The action before respondent court was filed by private respondent to compel petitioner WMC Resources to convey its equity in WMC Phils. and Hillcrest to the former. Meanwhile, in the case before the MGB, private respondent sought the approval of Sale and that the MGBs authority over the case is purely administrative, but further review shows that private respondent raised contentious issues which need resolution by the MGB before it can recommend any approval to the Secretary of the DENR. Particularly, in its letter dated October 13, 2000 to the Secretary of the DENR, private respondent posed its objection to the approval of the Sales and Purchase agreements between WMC Resources and the Tampakan Companies, asserting that the latter failed to validly exercise its right of first refusal. Also, in its letter to the Director of the MGB dated December 8, 2000, private respondent spelled out in detail its reasons for objecting to the agreement between WMC Resources and the Tampakan Companies, and in the same breath, argued for the approval of its own contract. And because of the opposing claims posited by private respondent and petitioners, the MGB was constrained to require the parties to submit their respective comments. At the juncture, the MGBs authority ceased to be administrative. Evidently, the MGB has to review all these opposing contentions and resolve the same. A resolution of the MGB on which contract to recommend or endorse to the Secretary of the DENR for approval will necessarily include a declaration on the validity of the different Sale and Purchase Agreements executed between the disagreeing parties, as well as on the exercise of the Tampakan Companies exercise of its right of first refusal and its qualification as a contractor under the FTAA. Even the MGB is aware that the dispute revolves around these sales and purchase agreements. Hence, it cannot be gainsaid that the MGB will be exercising its quasi-judicial powers in resolving the conflict before it. Whether the MGB can validly exercise such jurisdiction over the controversy is another issue but nonetheless immaterial in determining whether private respondent is guilty of forum-shopping. What is determinative is the filing of two (2) separate actions in different for a based principally on the same cause on the supposition that one or the other court would make a favorable disposition. Thus, it is not highly unlikely that respondent Court and MGB will come up with conflicting pronouncements on the dispute, thereby creating a quandary as to which one will prevail. Private respondents act undisputably constitutes a clear case of forum-shopping, a ground for summary dismissal with prejudice of the action. The respondent court committed grave abuse of discretion in refusing to dismiss Civil Case No. 01-087 on ground of forum-shopping.[6]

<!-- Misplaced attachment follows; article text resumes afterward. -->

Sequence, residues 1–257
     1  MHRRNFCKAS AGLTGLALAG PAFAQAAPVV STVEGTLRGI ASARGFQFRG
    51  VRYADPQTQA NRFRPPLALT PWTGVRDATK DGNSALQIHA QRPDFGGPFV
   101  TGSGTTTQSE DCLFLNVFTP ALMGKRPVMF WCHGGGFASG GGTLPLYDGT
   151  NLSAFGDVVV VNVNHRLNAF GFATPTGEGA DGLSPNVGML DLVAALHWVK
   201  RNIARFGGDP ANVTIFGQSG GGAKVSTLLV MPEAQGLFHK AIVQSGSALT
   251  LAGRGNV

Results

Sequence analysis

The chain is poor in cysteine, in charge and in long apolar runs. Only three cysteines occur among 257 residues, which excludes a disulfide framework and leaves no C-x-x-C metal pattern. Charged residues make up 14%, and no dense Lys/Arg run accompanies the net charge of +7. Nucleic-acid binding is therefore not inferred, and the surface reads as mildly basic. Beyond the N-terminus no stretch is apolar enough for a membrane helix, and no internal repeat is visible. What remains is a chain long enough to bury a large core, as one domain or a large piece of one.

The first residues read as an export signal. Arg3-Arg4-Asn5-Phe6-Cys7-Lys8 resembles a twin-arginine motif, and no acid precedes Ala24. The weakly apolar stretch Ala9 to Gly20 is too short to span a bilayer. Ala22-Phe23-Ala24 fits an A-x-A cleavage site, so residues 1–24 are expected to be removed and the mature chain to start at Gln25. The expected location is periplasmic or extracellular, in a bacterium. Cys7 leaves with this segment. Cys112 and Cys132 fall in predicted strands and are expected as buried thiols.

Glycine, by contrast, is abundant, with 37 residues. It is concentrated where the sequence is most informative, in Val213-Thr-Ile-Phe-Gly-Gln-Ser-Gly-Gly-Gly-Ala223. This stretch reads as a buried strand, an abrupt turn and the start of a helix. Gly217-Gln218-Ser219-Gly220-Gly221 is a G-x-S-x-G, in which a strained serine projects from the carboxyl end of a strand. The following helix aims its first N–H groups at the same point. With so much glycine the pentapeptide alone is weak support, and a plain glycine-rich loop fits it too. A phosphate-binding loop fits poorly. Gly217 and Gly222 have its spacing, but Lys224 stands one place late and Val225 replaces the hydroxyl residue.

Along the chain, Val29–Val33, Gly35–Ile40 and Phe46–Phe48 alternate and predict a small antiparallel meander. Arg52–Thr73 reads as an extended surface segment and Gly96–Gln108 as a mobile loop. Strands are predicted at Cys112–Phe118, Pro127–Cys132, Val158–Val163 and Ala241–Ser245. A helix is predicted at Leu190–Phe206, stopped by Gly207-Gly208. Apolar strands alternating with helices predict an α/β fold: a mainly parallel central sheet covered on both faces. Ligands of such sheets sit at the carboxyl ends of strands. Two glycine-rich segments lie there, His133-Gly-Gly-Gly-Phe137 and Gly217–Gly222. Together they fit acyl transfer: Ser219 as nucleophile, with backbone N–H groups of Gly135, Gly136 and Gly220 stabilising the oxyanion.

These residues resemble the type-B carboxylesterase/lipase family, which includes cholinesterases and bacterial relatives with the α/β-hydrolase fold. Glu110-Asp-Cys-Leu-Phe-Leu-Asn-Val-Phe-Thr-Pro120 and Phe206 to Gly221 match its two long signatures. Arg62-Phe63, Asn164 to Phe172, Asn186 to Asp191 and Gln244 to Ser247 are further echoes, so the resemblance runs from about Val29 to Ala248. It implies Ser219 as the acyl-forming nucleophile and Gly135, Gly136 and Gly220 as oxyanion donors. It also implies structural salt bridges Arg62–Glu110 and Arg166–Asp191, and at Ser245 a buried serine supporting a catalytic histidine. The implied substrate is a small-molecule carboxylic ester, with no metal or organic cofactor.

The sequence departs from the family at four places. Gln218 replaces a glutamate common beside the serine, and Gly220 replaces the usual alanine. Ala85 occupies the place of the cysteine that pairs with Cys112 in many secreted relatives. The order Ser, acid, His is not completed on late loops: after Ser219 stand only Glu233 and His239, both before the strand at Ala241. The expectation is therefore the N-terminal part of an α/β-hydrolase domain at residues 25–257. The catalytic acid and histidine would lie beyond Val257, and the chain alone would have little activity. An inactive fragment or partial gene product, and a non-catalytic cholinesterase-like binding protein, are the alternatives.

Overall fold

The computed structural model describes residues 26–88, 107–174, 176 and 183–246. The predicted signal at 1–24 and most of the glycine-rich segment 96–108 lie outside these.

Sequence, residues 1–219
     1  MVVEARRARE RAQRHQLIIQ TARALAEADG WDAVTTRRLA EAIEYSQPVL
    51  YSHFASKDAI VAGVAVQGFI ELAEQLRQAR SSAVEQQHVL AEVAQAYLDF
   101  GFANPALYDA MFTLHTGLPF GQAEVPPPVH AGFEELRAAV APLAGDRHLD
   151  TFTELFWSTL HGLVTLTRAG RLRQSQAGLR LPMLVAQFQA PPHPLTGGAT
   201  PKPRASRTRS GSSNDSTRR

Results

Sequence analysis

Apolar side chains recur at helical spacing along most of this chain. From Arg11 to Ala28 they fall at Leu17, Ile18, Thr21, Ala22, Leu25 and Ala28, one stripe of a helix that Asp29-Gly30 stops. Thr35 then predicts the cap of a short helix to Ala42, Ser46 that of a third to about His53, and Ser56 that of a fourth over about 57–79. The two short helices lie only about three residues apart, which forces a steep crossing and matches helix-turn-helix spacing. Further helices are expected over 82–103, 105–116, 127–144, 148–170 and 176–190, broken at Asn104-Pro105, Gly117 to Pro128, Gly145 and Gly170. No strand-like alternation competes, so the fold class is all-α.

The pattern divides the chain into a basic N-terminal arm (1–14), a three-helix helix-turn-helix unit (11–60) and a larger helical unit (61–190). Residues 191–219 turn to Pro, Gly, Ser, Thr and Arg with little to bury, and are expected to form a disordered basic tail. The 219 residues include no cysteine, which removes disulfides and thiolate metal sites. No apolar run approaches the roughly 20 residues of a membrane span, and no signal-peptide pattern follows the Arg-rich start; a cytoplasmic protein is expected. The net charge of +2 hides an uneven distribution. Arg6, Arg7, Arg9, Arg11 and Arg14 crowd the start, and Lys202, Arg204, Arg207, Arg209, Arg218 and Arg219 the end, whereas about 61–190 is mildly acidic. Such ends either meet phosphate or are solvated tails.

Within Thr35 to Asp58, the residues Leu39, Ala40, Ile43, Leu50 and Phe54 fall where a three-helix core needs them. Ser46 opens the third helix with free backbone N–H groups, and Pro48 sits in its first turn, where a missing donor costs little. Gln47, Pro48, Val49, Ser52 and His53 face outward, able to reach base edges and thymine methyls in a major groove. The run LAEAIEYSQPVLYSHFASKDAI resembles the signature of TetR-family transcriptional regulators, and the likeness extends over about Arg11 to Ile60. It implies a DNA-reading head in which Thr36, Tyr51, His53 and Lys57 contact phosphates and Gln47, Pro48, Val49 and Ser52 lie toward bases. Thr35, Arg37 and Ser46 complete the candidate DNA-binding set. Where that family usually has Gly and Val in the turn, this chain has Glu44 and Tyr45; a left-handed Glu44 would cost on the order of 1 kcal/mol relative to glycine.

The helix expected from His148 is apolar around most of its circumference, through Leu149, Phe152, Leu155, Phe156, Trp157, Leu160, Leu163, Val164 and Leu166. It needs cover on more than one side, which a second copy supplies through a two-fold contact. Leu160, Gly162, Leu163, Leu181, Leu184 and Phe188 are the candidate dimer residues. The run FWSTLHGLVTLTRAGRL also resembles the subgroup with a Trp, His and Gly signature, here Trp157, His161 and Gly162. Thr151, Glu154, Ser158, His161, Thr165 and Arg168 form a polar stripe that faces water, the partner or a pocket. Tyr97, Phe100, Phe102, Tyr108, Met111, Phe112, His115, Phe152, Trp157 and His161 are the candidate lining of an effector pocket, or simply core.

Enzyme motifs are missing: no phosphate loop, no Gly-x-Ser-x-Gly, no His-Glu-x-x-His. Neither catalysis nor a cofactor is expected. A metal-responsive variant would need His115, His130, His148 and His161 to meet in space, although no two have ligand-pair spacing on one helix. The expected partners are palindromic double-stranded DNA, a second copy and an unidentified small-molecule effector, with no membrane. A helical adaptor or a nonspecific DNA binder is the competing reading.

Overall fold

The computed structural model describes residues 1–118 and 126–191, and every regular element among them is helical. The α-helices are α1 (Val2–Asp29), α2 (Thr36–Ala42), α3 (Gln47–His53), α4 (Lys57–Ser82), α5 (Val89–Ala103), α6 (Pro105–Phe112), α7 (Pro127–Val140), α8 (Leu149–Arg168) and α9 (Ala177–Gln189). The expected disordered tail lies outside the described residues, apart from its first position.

With the denial of petitioners Motion for Reconsideration, the case[7] was elevated to this Court. In a Decision dated 24 September 2003, the Court affirmed the Decision of the appellate court and dismissed the petition. In said Decision, the Court elucidated that:

 

True, the questioned agreements of sale between petitioner and WMC on one hand and between WMC and the Tampakan Companies on the other pertain to transfer of shares of stock from one entity to another. But said shares of stock represent ownership of mining rights or interest in mining agreements. Hence, the power of the MGB to rule on the validity of the questioned agreements of sale, which was raised by petitioner before the DENR, is inextricably linked to the very nature of such agreements over which the MGB has jurisdiction under the law. Unavoidably, there is identity of reliefs that petitioner seeks from both the MGB and the RTC.

 

Forum shopping exists when both actions involve the same transactions, same essential facts and circumstances and raise identical causes of actions, subject matter, and issues. Such elements are evidently present in both the proceedings before the MGB and before the trial court. The case instituted with the RTC was thus correctly ordered dismissed by the appellate court on the ground of forum shopping. Besides, not only did petitioner commit forum shopping but it also failed to exhaust administrative remedies by opting to go ahead in seeking reliefs from the court even while those same reliefs were appropriately awaiting resolution by the MGB.[8]

 

 

In the interim, on 10 January 2001, contending that the 12 July Agreement between petitioner and WMC Philippines had expired due to failure to meet the necessary preconditions for its validity, WMC Resources and the Tampakan Companies executed another Sale and Purchase Agreement, where Sagittarius Mines, Inc. was designated assignee and corporate vehicle which would acquire the shareholdings and undertake the Columbio FTAA activities. On 15 January 2001, Sagittarius Mines, Inc. increased its authorized capitalization to P250 million. Subsequently, WMC Resources and Sagittarius Mines, Inc. executed a Deed of Absolute Sale of Shares of Stocks on 23 January 2001.